The government has announced £213 million of new funding to help researchers tackle humanity’s biggest challenges, such as climate change, the COVID-19 pandemic and terrorism.
The money, which is being delivered as part of the Research & Development Roadmap, will be used to equip scientists, universities and research institutes across the UK with state-of-the-art technology.
It will fund the deployment of new airborne sensors in London to monitor greenhouse gas emission levels, help pay for new equipment at a pioneering floating offshore wind testing lab at the University of Plymouth and help host autonomous marine robotics trials in Southampton to monitor ocean health.
The government has selected these projects to receive a share of the funding as part of its strategy to deliver net zero emissions across the economy by 2050.
In addition to accelerating decarbonisation and reducing pollution, the new round of investment will also tackle other major societal threats such as the COVID-19 pandemic and terrorism – it includes £27 million for researchers at 43 of the UK’s Medical Research Institutes.
This £27 million will fund the purchase of ultra-high performing computers and microscopes to better detect, model and tackle disease.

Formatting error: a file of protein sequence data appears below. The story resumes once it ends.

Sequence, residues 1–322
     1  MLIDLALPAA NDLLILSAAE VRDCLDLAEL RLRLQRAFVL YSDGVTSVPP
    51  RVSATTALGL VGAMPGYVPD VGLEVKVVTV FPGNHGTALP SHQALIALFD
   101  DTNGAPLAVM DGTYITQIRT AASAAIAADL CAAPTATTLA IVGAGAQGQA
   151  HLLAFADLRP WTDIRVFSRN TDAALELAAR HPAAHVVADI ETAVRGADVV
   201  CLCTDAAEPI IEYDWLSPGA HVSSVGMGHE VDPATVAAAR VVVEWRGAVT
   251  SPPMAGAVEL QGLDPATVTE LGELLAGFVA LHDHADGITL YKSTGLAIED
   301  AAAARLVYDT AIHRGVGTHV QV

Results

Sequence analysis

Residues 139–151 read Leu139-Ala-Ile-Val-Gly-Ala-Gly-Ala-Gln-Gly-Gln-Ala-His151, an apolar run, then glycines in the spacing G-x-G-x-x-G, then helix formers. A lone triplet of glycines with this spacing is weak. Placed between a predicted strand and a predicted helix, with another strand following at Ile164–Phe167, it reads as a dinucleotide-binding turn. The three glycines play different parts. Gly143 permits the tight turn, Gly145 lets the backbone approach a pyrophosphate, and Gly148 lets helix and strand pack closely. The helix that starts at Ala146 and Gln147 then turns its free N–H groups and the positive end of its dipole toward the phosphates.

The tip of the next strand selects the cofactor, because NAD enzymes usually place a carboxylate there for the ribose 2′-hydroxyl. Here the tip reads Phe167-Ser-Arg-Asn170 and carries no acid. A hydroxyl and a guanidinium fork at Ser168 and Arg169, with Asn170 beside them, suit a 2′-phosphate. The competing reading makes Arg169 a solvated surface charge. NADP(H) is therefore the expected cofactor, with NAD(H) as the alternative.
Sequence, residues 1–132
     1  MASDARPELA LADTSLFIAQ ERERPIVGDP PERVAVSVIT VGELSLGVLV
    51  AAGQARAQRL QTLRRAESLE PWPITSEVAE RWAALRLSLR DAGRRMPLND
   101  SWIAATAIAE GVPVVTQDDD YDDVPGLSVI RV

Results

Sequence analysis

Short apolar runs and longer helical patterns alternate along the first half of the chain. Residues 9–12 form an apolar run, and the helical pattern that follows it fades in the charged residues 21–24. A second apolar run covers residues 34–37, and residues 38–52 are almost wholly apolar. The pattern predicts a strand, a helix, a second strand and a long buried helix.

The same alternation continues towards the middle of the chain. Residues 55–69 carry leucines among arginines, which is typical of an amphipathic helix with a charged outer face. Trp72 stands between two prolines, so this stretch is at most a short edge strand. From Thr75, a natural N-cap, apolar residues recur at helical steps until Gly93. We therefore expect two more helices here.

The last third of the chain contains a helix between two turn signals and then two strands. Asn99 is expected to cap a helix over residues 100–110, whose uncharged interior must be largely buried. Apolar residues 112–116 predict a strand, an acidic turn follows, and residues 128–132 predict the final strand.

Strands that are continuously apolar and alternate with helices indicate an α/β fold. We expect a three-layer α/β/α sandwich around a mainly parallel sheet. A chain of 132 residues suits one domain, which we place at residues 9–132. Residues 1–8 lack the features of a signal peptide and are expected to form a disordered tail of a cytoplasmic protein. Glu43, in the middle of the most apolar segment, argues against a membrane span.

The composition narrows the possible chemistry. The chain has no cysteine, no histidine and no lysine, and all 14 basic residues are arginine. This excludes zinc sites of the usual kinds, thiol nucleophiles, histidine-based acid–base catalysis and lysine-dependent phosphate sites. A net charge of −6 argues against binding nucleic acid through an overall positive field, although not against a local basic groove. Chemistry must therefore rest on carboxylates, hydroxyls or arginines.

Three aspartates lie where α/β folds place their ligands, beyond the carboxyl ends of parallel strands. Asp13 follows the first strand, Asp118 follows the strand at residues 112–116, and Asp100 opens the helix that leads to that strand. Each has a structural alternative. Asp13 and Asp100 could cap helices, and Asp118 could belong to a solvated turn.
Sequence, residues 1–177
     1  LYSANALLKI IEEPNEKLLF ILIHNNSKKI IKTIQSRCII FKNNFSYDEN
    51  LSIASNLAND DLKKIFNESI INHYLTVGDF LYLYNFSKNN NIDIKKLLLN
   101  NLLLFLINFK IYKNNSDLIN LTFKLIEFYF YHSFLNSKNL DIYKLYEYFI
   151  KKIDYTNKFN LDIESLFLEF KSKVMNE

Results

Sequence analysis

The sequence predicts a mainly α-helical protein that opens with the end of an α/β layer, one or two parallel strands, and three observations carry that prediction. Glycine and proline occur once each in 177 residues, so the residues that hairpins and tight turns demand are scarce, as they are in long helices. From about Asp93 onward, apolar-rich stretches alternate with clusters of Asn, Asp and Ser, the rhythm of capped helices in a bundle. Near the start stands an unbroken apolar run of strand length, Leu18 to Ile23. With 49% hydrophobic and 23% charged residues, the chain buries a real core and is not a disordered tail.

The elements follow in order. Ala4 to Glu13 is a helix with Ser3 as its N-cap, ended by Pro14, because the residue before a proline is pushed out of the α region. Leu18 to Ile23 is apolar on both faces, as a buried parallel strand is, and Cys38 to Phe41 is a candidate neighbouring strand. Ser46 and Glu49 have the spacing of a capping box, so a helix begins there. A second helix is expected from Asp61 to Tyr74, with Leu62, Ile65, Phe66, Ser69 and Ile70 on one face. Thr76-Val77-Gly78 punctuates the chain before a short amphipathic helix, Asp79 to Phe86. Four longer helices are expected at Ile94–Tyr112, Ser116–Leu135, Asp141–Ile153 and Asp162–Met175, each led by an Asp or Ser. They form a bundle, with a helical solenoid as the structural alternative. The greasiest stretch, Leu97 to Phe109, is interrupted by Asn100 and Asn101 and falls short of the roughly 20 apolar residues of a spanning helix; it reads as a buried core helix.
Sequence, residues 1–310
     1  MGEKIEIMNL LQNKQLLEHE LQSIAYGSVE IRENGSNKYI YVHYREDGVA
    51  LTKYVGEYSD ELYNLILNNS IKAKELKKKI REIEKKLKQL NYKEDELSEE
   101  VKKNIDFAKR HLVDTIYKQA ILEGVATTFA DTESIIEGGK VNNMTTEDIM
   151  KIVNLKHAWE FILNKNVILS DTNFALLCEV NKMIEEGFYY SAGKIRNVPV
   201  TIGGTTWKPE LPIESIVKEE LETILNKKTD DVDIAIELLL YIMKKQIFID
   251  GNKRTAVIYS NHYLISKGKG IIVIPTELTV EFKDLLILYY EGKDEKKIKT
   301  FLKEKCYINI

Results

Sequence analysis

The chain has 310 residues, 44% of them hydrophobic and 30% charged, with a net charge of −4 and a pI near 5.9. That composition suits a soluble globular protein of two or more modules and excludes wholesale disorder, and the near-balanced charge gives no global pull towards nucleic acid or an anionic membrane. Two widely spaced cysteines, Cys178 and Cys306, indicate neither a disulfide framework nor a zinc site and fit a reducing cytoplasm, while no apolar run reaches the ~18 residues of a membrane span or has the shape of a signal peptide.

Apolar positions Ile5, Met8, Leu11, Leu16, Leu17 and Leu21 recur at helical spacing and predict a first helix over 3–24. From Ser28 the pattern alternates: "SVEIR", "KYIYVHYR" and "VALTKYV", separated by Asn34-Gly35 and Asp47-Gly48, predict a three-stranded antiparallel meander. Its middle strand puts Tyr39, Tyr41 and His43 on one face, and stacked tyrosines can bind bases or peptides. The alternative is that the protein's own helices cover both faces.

A portion of the money will fund the development of a new ‘blast diagnostics’ laboratory at the University of Sheffield to improve responses to the use of explosives in terrorist attacks.
Science Minister Amanda Solloway said: “The response from UK scientists and researchers to coronavirus has been nothing short of phenomenal. We need to match this excellence by ensuring scientific facilities are truly world-class, so scientists can continue carrying out life-changing research for years to come as we build back better from the pandemic.
“From the world’s most detailed telescopes tracking disease to airborne drones monitoring greenhouse gas emissions, our investment will enhance the tools available to our most ambitious innovators across the country. By doing so, scientists and researchers will be able to drive forward extraordinary research that will enable the UK to respond to global challenges such as achieving net zero carbon emissions by 2050.”